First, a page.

Drs. Ute Kothe and Yale Belanger join The College of New Scholars, Artists and Scientists
The Royal Society of Canada welcomed 70 new members to The College of New Scholars, Artists and Scientists today, including two University of Lethbridge faculty members.
Dr. Yale Belanger (BA ’98), a member of the Department of Political Science, is a leading scholar of Indigenous Studies whose research breaks new ground in the understanding of First Nations’ gambling enterprises, urban Aboriginal policy and the role of federal housing policy in addressing homelessness among Indigenous peoples.
“Being named to The Royal Society is a real honour for me,” says Belanger. “The U of L also benefits by having the quality of scholarly work and research being conducted here highlighted. As an alum who finished his BA in 1998 only to return as a faculty member, this is an especially proud moment.”
Dr. Ute Kothe, a professor in the Department of Chemistry & Biochemistry, has made pioneering discoveries regarding the role of RNAs and proteins in gene expression with relevance for several diseases. RNA stands for RiboNucleic Acid and is a critical biomolecule derived from DNA, the well-known genetic material in all cells. Her leadership in the international RNA community and in science outreach has gained her numerous awards.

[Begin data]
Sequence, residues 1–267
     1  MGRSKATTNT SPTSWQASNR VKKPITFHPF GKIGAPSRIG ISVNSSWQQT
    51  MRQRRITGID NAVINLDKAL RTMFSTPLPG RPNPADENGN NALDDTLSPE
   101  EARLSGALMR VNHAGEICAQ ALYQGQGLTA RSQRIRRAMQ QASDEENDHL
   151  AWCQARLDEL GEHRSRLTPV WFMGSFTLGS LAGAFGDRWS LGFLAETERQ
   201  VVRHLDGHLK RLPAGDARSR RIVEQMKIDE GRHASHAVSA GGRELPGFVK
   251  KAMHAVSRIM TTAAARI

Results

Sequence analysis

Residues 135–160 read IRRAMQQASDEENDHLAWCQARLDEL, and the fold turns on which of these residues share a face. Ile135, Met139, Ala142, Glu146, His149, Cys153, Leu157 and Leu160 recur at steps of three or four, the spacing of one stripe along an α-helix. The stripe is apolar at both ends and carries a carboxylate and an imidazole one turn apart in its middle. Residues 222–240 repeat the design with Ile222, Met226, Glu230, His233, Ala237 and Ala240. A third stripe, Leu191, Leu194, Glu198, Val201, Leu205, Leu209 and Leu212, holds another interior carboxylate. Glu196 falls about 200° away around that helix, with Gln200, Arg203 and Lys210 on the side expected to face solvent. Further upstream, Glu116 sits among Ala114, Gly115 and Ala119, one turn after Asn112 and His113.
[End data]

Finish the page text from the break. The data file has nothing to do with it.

“Being elected to The College of New Scholars, Artists and Scientists is a tremendous privilege,” says Kothe. “As part of the Alberta RNA Research and Training Institute at the U of L, I am enjoying an inspiring environment to conduct groundbreaking RNA research. And I’m passionate about our outreach work with the Let’s Talk Science team to engage children and youth in science.”
The College is a handpicked selection of top mid-career scholars and artists in Canada, representing the emerging generation of scholarly, scientific and artistic leadership in Canada. Its members have already received recognition in their fields for excellence and serve as ambassadors of their fields.
“We sincerely congratulate Yale and Ute in their election to The Royal Society of Canada,” says Dr. Erasmus Okine, vice-president research. “Their dedication and hard work in their respective fields have earned them this honour. We are proud of their accomplishments and wish them continuing success.”
The Royal Society of Canada, founded in 1882, comprises the Academies of Arts, Humanities and Sciences, in addition to The College of New Scholars, Artists and Scientists. Its mission is to recognize scholarly, research and artistic excellence, advise governments and organizations and promote a culture of knowledge and innovation in Canada.
Caroline Zentner, public affairs advisor
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